The paradoxical nature of the fantastic makes it difficult to define theoretically. As Belevan says, “The fantastic has nothing to contribute to hermeneutics as semiology does, for it only irradiates signals and symptoms,” which makes it very difficult to delimit characteristics or principles that can be observed scientifically. The bases for explaining it should be philosophical, according to Belevan: one should arrive at the essence, at the location and evaluation of the fantastic moment, at the fantastic “epistème.” The definition of the fantastic “epistème” and its structural analysis constitute Belevan’s major contribution as a critic. He arrives at that “moment” through the articulation of three critical terms: “textual slippage,” “dialectical conflict,” and “fantastic de-writing,” maintaining that fantastic resides in the relationship between reader and text, in the superimpositition of reality and unreality in the text – in the ambiguity that keeps the reader on those two different levels of reading. Belevan’s essay surpasses previous critical studies in this field, and his contribution to the study of the fantastic is indisputable and still valid almost two decades after its original publication.

Close bonds between fantastic literature (the aesthetic principle defined by the reader) and the phenomenon of postmodernism are found throughout Belevan’s writing, as Tania Sánchez Ferrán has noted. Theorists in this field such as Jean-François Lyotard, Frederic Jameson, Linda Hutcheon, Umberto Eco, in a polemic still underway, recognize the central role of language as the main element of the postmodern text: the word as its context, characteristic very pertinent to Belevan’s work. Such texts activate the tension between narrating something and showing its mechanisms: without invalidating “reality,” the essence of postmodern writing lies in its self-consciousness, self-contradiction, and self-destructiveness, marginally posing a set of philosophical problems but not hiding the fact that both postmodern and fantastic literature are mainly concerned with the poetic. As Belevan has rightly asserted, the fantastic represents a problematic world in a borderline situation, in the boundary between reality and irreality, just as postmodern art situates itself midway between smashing old codes and articulating new ones, at a point where a “meaning” is debated. As Sánchez Ferrán says in her study, the fantastic defeats absolutes, suggesting instead doubt and uncertainty in its system of rupture of the old and creation of the new. Postmodernism explores the marginal facets of the culture, those that are generally discarded as being disfiguring, disturbing, or unhealthy, among which Sánchez Ferrán includes the fantastic. Belevan’s use of terms like “verbal deconstruction” or “destructuring of the fantastic” belongs to the realm of postmodern aesthetics. The “fantastic de-writing,” as Belevan calls it, would then be the delimitation between two verbal levels: “real” writing and “nonreal” (as opposed to “unreal”) description. On the other hand, the concept of “epistème” presupposes a gnosiological deconstruction of the fantastic, according to Sánchez Ferrán. Finally, if this can be said of an open discussion, a very important characteristic of the fantastic mode as specifically of Belevan’s writings, from his short stories to his latest novel, should be mentioned: his commitment to the double, to duplicity. His writing establishes and reinforces and at the same time subverts the very conventions he is challenging and questioning.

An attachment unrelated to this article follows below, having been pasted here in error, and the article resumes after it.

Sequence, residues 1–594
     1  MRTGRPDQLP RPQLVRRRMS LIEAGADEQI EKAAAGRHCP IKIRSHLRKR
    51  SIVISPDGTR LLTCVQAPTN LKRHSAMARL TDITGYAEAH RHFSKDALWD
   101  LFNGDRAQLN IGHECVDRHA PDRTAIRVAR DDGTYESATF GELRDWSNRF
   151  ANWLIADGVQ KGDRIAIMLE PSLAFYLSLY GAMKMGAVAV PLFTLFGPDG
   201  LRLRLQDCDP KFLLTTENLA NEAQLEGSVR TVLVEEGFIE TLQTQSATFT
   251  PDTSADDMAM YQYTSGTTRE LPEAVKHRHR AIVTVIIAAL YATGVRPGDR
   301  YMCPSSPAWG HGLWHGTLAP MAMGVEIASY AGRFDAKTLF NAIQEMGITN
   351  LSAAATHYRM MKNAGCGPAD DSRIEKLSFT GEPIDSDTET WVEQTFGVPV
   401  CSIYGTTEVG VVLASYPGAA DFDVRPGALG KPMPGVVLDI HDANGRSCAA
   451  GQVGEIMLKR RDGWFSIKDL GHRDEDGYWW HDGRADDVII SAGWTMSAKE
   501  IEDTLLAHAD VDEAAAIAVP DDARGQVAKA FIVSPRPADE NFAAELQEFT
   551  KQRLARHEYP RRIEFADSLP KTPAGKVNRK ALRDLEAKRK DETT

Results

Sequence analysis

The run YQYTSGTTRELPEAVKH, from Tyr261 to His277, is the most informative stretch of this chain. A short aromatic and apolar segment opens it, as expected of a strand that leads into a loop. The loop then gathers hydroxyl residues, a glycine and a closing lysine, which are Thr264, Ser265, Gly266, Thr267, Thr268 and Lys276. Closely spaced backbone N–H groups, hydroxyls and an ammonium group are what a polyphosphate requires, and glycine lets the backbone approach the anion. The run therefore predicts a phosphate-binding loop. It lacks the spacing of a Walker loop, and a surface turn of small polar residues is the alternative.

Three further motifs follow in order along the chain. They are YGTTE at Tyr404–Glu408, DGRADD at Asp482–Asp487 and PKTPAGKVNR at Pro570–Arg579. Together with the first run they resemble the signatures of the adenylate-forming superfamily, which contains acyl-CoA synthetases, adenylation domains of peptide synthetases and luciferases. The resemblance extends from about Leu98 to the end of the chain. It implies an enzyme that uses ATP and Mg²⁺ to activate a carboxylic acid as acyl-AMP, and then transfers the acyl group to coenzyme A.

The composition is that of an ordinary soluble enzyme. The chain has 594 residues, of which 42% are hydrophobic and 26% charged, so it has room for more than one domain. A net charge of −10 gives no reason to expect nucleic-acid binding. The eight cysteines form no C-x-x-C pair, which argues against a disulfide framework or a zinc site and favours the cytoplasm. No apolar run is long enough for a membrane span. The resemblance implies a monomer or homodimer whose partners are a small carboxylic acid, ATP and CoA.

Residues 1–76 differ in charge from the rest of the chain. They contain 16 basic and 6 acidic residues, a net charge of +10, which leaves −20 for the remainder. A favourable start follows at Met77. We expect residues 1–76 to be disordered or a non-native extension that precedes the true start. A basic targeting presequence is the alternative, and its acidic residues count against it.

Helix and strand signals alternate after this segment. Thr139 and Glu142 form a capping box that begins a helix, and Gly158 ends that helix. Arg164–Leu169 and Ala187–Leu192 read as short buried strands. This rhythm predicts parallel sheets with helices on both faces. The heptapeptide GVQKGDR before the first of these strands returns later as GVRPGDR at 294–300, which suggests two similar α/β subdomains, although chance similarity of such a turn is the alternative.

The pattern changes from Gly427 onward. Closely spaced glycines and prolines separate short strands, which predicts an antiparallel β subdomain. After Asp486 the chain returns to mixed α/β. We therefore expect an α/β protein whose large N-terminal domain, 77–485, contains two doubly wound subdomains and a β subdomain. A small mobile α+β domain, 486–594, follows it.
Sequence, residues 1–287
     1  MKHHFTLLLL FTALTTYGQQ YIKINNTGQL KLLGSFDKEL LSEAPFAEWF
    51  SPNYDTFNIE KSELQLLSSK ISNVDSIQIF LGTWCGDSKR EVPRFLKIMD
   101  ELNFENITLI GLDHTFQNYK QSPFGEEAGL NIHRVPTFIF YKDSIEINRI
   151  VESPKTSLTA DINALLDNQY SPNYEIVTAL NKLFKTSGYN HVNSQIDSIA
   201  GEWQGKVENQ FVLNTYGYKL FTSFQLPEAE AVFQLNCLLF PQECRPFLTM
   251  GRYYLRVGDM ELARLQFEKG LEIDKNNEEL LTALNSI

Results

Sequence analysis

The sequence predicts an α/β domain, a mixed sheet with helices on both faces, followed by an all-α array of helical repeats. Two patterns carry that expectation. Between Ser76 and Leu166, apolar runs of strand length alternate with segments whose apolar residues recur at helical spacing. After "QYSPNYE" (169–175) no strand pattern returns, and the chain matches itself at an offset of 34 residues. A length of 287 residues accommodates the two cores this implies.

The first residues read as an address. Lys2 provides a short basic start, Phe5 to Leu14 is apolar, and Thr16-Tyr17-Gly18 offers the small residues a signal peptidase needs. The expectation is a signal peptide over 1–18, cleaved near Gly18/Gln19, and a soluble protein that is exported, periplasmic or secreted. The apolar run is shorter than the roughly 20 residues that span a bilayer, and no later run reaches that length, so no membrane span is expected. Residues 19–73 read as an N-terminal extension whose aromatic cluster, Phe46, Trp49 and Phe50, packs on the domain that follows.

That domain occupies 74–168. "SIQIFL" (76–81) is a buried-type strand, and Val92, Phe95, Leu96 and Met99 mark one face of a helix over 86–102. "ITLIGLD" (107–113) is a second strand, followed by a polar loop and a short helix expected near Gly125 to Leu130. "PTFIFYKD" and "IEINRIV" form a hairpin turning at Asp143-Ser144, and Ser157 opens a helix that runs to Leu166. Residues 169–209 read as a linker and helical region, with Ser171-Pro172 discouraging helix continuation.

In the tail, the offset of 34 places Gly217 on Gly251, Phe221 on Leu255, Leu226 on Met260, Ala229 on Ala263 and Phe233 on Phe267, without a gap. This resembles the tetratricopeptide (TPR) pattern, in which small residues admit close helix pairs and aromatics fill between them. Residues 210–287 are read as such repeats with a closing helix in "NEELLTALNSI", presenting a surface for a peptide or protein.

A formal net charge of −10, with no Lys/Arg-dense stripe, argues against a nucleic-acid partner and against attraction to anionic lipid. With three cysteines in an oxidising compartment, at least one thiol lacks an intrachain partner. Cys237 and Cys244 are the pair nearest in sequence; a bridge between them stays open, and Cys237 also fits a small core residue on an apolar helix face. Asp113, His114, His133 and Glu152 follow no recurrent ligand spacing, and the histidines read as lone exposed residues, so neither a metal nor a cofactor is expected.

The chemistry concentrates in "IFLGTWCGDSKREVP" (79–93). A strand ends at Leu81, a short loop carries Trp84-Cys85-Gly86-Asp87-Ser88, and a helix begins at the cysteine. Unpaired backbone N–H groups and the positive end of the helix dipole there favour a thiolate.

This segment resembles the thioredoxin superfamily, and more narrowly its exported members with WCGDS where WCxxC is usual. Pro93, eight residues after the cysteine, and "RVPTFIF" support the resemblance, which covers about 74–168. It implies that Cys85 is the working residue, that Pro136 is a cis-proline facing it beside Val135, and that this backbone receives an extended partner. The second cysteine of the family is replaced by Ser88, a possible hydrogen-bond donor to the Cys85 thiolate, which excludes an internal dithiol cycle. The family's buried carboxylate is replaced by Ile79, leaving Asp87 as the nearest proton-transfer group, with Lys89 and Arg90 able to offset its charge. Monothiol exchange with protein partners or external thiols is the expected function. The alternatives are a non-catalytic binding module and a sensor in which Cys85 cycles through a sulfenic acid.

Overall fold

As was mentioned above, there is a very close relationship between Belevan as a creator of fiction and as a literary critic, which denotes a permanent dialogue among literary genres to the point of nullifying the distinction between them. A classic example is his accomplished novel La piedra en el agua, a creative display of the critical principles discussed in his essay. In both structure and content, this novel is a masterly corroboration of the theories put forward in The Heirs of Ariadne, to which he adds the necessary dosage of elaborated language in intrigue to produce aesthetic and intellectual pleasure for the reader. Belevan demonstrates his mastery of the techniques of this mode learned from his mentors, particularly from Poe (atmosphere, confusion of identities among the characters, inclusion of dreams, hallucinations, and especially use of the double). In Belevan, fiction and criticism merge as one, inviting the reader to participate in “the pleasure of the text.”

Isabel Rodríguez Vergara
The George Washington University